The surprise resurgence of the Detroit Lions — for decades a perennial NFL laughingstock — has fans clamoring for a chance to see the team when it hosts the Tampa Bay Buccaneers for the NFC Divisional Round playoff game on Sunday.
Secondhand ticket-selling websites are listing passes to the game at Detroit’s Ford Field for as much as $17,000 apiece.
A glance at Stubhub shows tickets for the Lions-Bucs game in Detroit selling at prices ranging from $494 each to $17,078 apiece.
There are also some nosebleed tickets stick available on TicketMaster selling for around $500.
TickPick, the online marketplace, reported that the average cost of a ticket for the game is $1,097 — making it the most expensive Divisional Round playoff game ever.
Standing room-only tickets for the game are selling for nearly $700, according to TickPick.
The Lions have sent the Motor City into a frenzy after their dramatic 24-23 home victory over the Los Angeles Rams last Sunday — the first playoff win for the franchise in 32 years.
The team reached the NFC Championship Game in 2022 with the great Barry Sanders at running back but has mostly languished toward the bottom of the pack over the decades.
The Lions’ last run of success the was in the pre-Super Bowl era, when it won three league titles between 1952 and 1957.
Celebrities who were born and bred in the Detroit area are planning on attending the game — making the Motor City the center of the sports universe this weekend.
Singer Bob Seger, actor Jeff Daniels, actor, writer and producer Keegan-Michael Key — all from Michigan — are expected to be on hand along with NFL Commissioner Roger Goodell and one of the team’s biggest fans: Eminem.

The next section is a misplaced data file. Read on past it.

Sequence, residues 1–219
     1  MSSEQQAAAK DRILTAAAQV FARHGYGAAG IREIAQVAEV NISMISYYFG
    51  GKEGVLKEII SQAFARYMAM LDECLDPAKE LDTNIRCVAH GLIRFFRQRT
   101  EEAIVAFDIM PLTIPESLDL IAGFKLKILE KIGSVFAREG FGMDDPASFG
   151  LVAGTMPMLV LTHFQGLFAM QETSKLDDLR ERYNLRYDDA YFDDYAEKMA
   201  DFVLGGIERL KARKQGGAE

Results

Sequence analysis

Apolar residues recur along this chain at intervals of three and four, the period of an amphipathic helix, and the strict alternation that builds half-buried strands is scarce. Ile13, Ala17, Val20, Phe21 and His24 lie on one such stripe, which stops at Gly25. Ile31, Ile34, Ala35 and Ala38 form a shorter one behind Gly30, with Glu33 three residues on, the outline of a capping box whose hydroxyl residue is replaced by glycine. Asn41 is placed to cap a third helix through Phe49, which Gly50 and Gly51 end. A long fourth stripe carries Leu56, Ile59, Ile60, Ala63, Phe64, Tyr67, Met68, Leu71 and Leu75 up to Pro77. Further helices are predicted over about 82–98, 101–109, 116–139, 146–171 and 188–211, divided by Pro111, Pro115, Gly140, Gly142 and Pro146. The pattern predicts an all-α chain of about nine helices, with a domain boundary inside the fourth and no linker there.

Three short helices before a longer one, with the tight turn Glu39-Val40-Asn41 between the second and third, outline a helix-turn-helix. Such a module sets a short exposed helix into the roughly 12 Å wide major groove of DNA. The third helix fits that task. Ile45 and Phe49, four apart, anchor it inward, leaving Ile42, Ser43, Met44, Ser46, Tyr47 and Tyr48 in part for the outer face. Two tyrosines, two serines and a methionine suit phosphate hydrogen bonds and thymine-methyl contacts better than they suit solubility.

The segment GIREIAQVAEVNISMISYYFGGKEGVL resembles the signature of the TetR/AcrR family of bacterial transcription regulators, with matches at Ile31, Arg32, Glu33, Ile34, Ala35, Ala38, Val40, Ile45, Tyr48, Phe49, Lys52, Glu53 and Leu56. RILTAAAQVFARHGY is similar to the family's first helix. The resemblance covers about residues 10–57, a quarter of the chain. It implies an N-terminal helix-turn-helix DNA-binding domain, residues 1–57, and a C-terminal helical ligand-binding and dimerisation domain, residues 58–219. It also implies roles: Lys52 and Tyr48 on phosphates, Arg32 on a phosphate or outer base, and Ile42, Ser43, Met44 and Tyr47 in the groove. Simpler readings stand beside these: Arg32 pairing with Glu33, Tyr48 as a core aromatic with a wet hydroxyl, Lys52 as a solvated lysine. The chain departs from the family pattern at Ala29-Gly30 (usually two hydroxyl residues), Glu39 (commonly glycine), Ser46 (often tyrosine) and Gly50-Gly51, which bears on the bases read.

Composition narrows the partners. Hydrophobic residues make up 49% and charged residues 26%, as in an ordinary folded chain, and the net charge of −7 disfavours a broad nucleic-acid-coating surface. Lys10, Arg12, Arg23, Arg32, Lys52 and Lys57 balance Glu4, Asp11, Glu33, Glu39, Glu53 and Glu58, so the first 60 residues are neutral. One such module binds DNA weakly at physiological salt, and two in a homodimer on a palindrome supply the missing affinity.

The rapper shared his fandom recently on Instagram, saying his New Year’s resolution was for the Lions to win the Super Bowl.
The Lions’ playoff run has shined fresh spotlight on their hometown, which is embracing its professional football team’s resurrection as a metaphor for the city’s economic comeback.
In the 1950s, Detroit was a thriving metropolis due to the economic might of the once-dominant American automobile industry.
But foreign competition as well as the shipping of manufacturing jobs overseas plunged the Motor City into decades of financial ruin — culminating in 2013, when it declared bankruptcy.
Since that period, Detroit has been undergoing a renaissance of sorts spurred on by companies relocating to its refurbished downtown area.
Earlier this month, a report by financial services firm CoreLogic found that Detroit was the fastest-appreciating housing market in the country — outpacing Miami.
“Detroit remains one of the most affordable large metros with median home price at less than $200,000,” Dr. Selm Hepp, the chief economist at CoreLogic, told The Post.
With Post Wires